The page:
Title: Xylene
CAS Registry Number: 1330-20-7
CAS Name: Dimethylbenzene
Additional Names: xylol
Molecular Formula: C8H10
Molecular Weight: 106.17
Percent Composition: C 90.50%, H 9.49%
Literature References: First isolated from a crude wood distillate: Cahours, Compt. Rend. 30, 319 (1850). Obtained from coal tar: Fittig, Ann. 153, 265 (1870). The xylene of commerce is a mixture of the three isomers o-, m- and p-xylene, the m-isomer predominating. Manuf from pseudocumene: Seubold, US 2960545 (1960 to Union Oil); by catalytic isomerization of a hydrocarbon fraction: Berger, US 3078318 (1963 to Universal Oil Prod.). Separation of isomers by clathration: Schaeffer, US 3029300 (1962 to Union Oil). Use as clearing agent: K. Kubota, J. Polym. Sci. 5, 1179 (1967); J. B. Matthews, J. Clin. Pathol. 34, 103 (1981). Toxicity data: H. F. Smyth et al., Am. Ind. Hyg. Assoc. J. 23, 95 (1962). Series of articles on toxicity: Environ. Health Perspect. 101, Suppl. 6, 115-149 (1993). Review of toxicology and human exposure: Toxicological Profile for Xylene (PB95-264404, 1995) 298 pp; of mfg processes and properties: W. J. Cannella in Kirk-Othmer Encyclopedia of Chemical Technology Suppl. (Wiley-Interscience, New York, 4th ed., 1998) pp 831-863.
Properties: Mobile, flammable liquid; d ~0.86; bp 137-140°. Flash pt 29°C. Practically insol in water. Miscible with abs alcohol, ether, and many other organic liquids.
Boiling point: bp 137-140°
Flash point: Flash pt 29°C
Density: d ~0.86
Derivative Type: m-Xylene
CAS Registry Number: 108-38-3
Properties: Colorless liquid; d415 0.8684; mp -47.4°; bp 139.3°; nD20 1.4973. Flash pt, closed cup: 81°F (27°C). Insol in water. Miscible with alcohol, ether, and many other organic solvents. LD50 orally in rats: 7.71 ml/kg (Smyth).
Melting point: mp -47.4°
Boiling point: bp 139.3°
Flash point: Flash pt, closed cup: 81°F (27°C)
Index of refraction: nD20 1.4973
Density: d415 0.8684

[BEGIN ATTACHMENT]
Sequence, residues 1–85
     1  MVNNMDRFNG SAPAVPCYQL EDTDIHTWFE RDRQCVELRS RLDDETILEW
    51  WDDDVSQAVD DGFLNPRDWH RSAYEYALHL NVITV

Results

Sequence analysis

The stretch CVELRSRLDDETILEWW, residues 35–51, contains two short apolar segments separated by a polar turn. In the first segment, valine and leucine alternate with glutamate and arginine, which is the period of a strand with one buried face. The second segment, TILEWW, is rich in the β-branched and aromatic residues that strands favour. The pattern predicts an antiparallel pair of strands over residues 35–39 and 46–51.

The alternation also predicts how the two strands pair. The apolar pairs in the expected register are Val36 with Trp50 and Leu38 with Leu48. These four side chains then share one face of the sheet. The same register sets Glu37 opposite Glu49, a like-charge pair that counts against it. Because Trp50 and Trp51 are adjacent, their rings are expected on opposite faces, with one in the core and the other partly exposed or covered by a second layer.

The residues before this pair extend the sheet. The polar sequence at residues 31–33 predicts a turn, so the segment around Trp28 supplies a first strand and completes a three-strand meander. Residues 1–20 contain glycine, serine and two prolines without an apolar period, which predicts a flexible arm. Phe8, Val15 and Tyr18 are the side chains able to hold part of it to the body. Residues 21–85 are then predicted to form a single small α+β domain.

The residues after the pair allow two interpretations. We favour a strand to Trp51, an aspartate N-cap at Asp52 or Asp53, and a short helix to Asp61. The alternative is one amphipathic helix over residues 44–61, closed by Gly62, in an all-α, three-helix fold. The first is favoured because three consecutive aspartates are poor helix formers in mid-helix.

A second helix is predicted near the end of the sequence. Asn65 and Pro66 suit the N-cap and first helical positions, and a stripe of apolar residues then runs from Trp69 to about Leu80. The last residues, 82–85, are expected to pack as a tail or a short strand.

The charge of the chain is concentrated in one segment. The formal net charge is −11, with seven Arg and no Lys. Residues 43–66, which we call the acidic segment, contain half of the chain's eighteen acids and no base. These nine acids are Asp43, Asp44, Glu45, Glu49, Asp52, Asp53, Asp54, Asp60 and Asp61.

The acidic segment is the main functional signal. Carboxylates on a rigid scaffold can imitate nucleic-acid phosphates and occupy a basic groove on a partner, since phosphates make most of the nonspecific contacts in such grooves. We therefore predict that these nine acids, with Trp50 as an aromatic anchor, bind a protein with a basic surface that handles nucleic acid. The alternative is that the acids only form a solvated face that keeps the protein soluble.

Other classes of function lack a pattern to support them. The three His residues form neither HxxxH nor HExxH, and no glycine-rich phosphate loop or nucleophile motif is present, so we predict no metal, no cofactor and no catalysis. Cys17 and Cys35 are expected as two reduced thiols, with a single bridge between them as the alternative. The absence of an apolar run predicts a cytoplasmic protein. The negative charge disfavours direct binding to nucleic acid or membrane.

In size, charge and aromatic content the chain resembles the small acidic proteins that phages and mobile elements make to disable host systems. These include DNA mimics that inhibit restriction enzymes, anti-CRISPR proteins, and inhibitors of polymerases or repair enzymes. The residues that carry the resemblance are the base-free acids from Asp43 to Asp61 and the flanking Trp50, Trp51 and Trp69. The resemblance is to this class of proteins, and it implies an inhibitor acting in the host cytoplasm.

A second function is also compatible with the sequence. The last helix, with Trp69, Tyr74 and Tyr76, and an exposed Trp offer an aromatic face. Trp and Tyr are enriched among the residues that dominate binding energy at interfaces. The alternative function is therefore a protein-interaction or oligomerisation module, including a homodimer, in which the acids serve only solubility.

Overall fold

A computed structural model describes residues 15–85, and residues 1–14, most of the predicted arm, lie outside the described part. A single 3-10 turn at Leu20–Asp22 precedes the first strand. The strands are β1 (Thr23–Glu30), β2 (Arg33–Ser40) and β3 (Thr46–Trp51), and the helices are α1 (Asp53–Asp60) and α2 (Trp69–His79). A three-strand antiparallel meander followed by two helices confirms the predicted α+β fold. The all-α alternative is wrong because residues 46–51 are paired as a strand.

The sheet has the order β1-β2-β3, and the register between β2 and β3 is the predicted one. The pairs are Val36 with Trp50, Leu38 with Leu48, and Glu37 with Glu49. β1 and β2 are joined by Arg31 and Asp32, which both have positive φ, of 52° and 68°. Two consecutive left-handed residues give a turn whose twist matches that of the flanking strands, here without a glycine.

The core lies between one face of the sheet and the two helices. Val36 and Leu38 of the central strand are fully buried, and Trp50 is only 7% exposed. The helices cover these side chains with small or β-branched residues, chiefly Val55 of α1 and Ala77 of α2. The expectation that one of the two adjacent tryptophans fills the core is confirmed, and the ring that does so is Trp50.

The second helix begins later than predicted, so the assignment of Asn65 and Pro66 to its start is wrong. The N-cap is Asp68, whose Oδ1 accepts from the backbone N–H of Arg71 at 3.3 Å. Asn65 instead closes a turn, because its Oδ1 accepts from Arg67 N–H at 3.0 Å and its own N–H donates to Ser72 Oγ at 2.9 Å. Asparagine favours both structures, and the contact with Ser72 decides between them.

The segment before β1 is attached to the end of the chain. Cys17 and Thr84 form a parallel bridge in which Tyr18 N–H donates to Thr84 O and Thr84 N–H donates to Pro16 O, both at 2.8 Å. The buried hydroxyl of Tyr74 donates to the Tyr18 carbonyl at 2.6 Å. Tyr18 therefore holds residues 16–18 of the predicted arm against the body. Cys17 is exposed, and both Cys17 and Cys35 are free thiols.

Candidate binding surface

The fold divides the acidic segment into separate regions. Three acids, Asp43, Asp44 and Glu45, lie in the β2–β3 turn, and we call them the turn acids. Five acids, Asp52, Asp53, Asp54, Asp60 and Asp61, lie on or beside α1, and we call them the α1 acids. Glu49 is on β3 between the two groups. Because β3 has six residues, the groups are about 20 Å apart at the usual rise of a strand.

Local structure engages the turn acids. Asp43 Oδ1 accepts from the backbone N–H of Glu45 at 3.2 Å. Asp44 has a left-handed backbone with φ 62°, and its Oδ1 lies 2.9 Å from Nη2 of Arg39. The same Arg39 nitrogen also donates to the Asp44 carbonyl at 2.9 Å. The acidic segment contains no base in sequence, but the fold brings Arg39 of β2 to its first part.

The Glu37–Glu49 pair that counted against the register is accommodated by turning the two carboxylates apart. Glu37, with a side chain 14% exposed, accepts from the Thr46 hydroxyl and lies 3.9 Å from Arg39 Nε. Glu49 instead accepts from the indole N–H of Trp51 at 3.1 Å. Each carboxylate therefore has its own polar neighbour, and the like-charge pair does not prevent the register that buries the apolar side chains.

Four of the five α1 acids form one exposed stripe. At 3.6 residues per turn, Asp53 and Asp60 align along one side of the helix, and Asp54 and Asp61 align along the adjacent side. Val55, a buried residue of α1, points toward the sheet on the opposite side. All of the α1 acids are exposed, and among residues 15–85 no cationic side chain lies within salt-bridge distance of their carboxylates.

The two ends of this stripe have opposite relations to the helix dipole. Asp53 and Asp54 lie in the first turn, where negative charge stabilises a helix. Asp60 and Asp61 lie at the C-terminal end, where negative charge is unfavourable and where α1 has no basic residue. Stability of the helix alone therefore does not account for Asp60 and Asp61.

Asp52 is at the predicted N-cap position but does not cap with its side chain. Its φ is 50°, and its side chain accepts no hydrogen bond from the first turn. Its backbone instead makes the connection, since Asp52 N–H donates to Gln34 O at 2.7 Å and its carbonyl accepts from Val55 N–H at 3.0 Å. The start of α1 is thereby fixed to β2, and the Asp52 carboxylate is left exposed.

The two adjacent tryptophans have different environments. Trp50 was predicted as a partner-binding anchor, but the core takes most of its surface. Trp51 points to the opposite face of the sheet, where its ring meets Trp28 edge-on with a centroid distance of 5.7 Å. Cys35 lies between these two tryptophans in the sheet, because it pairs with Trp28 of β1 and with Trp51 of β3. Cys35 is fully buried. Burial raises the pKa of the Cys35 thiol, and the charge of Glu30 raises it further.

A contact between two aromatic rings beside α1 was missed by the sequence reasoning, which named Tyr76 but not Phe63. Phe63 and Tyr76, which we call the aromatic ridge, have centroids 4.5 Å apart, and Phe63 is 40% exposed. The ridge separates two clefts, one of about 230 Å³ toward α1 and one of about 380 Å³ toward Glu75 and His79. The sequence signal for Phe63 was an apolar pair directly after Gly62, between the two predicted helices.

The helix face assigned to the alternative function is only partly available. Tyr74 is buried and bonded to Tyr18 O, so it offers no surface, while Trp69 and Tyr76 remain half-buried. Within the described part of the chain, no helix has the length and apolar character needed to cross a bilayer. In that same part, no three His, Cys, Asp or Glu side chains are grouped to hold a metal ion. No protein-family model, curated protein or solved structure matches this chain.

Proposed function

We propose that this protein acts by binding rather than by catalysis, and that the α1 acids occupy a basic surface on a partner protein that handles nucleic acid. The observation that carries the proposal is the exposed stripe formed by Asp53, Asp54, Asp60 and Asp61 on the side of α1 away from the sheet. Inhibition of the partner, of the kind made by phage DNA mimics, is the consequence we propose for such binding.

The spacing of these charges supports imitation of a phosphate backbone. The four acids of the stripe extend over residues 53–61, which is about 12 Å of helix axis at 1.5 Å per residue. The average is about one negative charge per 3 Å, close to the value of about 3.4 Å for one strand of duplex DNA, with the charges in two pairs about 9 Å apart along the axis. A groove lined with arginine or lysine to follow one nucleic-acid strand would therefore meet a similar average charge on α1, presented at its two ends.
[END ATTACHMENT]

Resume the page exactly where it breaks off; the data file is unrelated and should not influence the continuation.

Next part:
Toxicity data: LD50 orally in rats: 7.71 ml/kg (Smyth)
Derivative Type: o-Xylene
CAS Registry Number: 95-47-6
Properties: Colorless liquid; d420 0.8801; mp -25°; bp 144°; nD20 1.5058. Flash pt, closed cup: 90°F (32°C). Insol in water. Miscible with alc, ether.
Melting point: mp -25°
Boiling point: bp 144°
Flash point: Flash pt, closed cup: 90°F (32°C)
Index of refraction: nD20 1.5058
Density: d420 0.8801
Derivative Type: p-Xylene
CAS Registry Number: 106-42-3
Properties: Colorless plates or prisms at low temp; d420 0.86104; mp 13-14°; bp 137-138°; nD20 1.49575: Thorne et al., Ind. Eng. Chem. Anal. Ed. 17, 481 (1945). Flash pt, closed cup: 81°F (27°C). Insol in water. Sol in alcohol, ether, organic solvents.
Melting point: mp 13-14°
Boiling point: bp 137-138°
Flash point: Flash pt, closed cup: 81°F (27°C)
Index of refraction: nD20 1.49575: Thorne et al., Ind. Eng. Chem. Anal. Ed. 17, 481 (1945)
Density: d420 0.86104
CAUTION: Potential symptoms of acute overexposure by inhalation to m-, o-, or p-isomers are flushing and reddening of the face, a feeling of increased heat due to dilation of superficial blood vessels, disturbed vision, dizziness, tremors, salivation, cardiac stress, drowsiness, incoordination and staggering gait, CNS depression, confusion, coma. Symptoms of chronic inhalation exposure may include respiratory irritation, CNS excitation followed by CNS depression, paresthesia, tremors, apprehension, impaired memory, weakness, nervous irritation, vertigo, headache, anorexia, nausea, flatulence, anemia, mucosal hemorrhage. Overexposure by ingestion may cause severe GI distress. Aspiration into lungs may cause chemical pneumonitis, pulmonary edema, hemorrhage. Direct contact may cause eye irritation, conjuctivitis, corneal burns; skin irritation and dermatitis due to defatting action. See Patty's Industrial Hygiene and Toxicology vol. 2B, G. D. Clayton, F. E. Clayton, Eds. (Wiley-Interscience, New York, 4th ed., 1994) p 1332-1339; NIOSH Pocket Guide to Chemical Hazards (DHHS/NIOSH 97-140, 1997) pp 334-337.
Use: As solvent; raw material for production of benzoic acid, phthalic anhydride, isophthalic and terephthalic acids as well as their dimethyl esters used in the manufacture of polyester fibers; manuf dyes and other organics; sterilizing catgut; with Canada balsam as oil-immersion in microscopy; clearing agent in microscope technique.
Xylenol Xylenol Blue Xylidine Xylometazoline Xylose

The xylene isomers

A xylene (from Greek ξύλο, xylo, "wood") is an aromatic hydrocarbon consisting of a benzene ring with two methyl substituents. The three isomeric xylenes each have a molecular formula of C8H10, though the more informative semi-structural formula
C6H4(CH3)2 is also used commonly. The xylenes are major petrochemicals, produced by catalytic reforming and also by coal carbonisation in the manufacture of coke fuel. Representing about 0.5–1% of crude oil (depending on the source), xylenes are found in small quantities in gasoline and airplane fuels. Xylenes are mainly produced as part of the BTX aromatics (benzene, toluene and xylenes) extracted from the product of catalytic reforming known as "reformate". The mixture is a slightly greasy, colourless liquid commonly encountered as a solvent. It was named in 1851, having been discovered as a constituent of wood tar. Several million tons are produced annually.[1] In 2011, a global consortium began construction of one of the world’s largest xylene plants in Singapore.[2]